IN THE midst of Cebu Press Freedom Week, one of the Duterte administration’s officials challenged journalists to report on “the plight of our poor brothers and sisters” in parts of the Visayas.
“I appeal to you to pick this as a challenge. Report their conditions. In doing so, you give your brother government a guide on how to draft policies that will address their predicaments,” Presidential Assistant-Visayas Michael Dino said in the assembly yesterday of the Cebu Federation of Beat Journalists (CFBJ).
After visiting Samar, Leyte, Bohol and Negros Occidental, Dino said he saw first-hand the conditions of the poor in some Visayan areas.
“But I noticed that their stories are left unreported,” added Dino, who was a businessman before he accepted an appointment to join President Rodrigo Duterte’s official family.
Next month, Dino said, he intends to visit Siquijor and Negros Oriental. Part of his office’s mandate is to bridge the gap between Malacañang and the Visayas.
“For me, your job is solemn. Why? Because like the three branches of government, your powers and duties as members of the press and of the media are enshrined in the 1987 Constitution,” he told the CFBJ.
“Like the government, you are also doing public service. Your kind of service is also important because you are the watchdogs who will document the affairs of your brother government and report these to the people,” Dino said.
He pointed out that nine out of every 10 Filipinos today are crying out for change.
“That’s the reason why we see some changes in government, particularly in the fight against criminality and corruption. In this cry for change, the media is not only acting as the state’s ‘brother’ but as an impartial conduit for that change to happen,” Dino said.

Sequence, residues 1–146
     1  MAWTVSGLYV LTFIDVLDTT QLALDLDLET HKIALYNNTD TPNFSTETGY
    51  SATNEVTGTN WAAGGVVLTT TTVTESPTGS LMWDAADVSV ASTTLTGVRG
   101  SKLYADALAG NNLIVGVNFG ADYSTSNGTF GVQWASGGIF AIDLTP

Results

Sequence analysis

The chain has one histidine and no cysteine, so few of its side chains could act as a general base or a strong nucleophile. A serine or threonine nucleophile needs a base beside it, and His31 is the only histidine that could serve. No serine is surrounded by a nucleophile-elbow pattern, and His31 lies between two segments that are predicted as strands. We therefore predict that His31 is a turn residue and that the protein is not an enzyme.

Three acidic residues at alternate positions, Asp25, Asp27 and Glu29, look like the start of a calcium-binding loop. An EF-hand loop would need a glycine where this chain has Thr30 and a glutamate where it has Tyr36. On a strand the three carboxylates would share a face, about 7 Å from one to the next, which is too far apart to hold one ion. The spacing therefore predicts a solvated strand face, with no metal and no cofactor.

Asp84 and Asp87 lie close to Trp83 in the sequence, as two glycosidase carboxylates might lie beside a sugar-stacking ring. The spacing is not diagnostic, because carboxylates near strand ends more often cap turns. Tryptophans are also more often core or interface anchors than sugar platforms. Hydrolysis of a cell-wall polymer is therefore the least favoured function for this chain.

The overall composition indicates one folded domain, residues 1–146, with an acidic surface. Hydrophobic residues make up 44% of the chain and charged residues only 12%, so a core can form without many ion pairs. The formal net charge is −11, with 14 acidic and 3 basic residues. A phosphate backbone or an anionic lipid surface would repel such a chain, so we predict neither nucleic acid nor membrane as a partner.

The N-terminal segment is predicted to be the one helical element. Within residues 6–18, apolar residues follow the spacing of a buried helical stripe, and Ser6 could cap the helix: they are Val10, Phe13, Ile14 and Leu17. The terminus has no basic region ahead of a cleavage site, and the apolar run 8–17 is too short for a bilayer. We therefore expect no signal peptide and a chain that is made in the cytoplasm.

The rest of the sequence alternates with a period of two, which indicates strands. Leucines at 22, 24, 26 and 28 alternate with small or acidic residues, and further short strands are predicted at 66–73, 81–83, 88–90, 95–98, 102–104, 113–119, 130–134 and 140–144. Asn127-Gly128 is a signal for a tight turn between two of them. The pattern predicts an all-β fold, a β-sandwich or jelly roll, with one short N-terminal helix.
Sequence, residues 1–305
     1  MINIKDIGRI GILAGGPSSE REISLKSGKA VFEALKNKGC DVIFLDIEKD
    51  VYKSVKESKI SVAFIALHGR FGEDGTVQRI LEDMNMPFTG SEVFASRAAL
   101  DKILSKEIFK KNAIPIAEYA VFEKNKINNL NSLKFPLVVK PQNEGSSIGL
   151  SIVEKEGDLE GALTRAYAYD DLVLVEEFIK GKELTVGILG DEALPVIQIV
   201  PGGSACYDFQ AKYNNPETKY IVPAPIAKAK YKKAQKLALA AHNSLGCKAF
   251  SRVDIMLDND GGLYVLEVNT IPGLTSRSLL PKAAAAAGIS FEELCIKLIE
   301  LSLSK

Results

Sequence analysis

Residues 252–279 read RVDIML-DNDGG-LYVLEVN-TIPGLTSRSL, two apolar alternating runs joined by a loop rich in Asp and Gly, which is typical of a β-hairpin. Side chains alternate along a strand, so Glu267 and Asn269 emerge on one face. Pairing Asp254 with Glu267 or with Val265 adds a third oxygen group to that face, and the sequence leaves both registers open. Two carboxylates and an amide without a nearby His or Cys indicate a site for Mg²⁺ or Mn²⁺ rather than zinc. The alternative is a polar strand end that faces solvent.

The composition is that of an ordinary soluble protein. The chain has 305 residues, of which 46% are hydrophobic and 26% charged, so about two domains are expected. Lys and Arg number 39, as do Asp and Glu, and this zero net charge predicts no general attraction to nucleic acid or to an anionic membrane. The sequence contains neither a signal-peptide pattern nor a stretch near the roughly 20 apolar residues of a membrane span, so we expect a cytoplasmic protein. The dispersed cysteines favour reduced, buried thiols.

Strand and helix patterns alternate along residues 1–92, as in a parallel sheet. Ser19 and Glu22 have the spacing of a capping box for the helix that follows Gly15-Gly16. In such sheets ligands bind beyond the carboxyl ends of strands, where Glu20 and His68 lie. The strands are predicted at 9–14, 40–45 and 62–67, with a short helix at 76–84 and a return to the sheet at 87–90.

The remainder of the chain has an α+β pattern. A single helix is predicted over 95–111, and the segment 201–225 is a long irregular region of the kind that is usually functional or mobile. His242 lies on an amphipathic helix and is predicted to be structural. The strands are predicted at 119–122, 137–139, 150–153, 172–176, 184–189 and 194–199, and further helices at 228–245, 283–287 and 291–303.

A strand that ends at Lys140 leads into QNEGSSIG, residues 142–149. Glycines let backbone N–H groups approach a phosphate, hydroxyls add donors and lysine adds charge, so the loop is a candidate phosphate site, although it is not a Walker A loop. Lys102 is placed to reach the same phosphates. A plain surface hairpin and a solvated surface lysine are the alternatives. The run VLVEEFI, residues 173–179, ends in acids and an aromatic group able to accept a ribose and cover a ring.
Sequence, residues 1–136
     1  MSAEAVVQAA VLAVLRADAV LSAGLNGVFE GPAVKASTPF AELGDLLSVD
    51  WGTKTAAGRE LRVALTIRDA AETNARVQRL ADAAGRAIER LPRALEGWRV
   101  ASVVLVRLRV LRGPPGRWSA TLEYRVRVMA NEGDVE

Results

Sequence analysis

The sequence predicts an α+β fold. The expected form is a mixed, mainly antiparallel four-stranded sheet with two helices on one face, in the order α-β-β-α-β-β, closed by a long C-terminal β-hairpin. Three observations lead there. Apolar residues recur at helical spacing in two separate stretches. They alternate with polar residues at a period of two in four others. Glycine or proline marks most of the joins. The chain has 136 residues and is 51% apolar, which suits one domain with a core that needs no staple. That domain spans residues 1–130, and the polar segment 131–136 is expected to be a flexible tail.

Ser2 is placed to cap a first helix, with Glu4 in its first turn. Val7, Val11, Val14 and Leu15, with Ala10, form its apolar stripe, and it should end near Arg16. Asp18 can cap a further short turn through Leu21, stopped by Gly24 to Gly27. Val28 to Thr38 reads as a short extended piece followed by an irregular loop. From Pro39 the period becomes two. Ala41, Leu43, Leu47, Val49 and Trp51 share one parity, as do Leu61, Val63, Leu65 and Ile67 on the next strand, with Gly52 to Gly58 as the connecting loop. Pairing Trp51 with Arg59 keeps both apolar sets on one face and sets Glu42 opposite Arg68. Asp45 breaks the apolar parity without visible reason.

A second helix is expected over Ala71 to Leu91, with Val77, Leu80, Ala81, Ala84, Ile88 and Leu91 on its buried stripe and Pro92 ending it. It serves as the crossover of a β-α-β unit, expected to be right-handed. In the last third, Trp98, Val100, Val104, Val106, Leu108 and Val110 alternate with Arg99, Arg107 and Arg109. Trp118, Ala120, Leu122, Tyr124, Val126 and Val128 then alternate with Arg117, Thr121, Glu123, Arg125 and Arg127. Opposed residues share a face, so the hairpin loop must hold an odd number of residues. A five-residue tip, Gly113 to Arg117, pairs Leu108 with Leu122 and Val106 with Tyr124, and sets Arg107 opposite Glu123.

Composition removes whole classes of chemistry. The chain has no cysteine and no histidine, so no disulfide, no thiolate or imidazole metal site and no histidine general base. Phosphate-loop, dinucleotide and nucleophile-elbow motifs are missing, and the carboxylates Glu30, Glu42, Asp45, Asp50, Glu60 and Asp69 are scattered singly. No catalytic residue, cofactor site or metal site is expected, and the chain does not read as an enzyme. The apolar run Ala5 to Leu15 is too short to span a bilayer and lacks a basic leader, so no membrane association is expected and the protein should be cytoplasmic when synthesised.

(Research firm Pulse Asia reported last July that 91 percent of its respondents—or roughly nine out of every 10-expressed trust in President Duterte. About eight percent were undecided and only 0.2 percent expressed no trust. The survey took place from July 2 to 8, within the first two weeks of the Duterte administration. It polled 1,200 respondents and had an error margin of plus-minus three percent.)
Dino also remarked on the significance of the annual Cebu Press Freedom Week. “Only in Cebu do the people celebrate freedom of speech and of the press,” he said.
His audience, the CFBJ, is a federation of 11 media organizations.
Fr. Randolph “Randy” Figuracion, rector of Lourdes Parish in Punta Princesa, Cebu City, said in his invocation that apart from celebrating, the week also offers practitioners the chance to “reflect on the important role writers and journalists play in making a difference for our country.”
Fr. Figuracion also handles a program over DYRF radio.
“Father God, bless all media practitioners: newspaper writers, journalists, radio reporters in radio and television,” he said. “Make them aware that more than just a profession, they have a vocation to be agents for the communication of truth justice, peace and love.”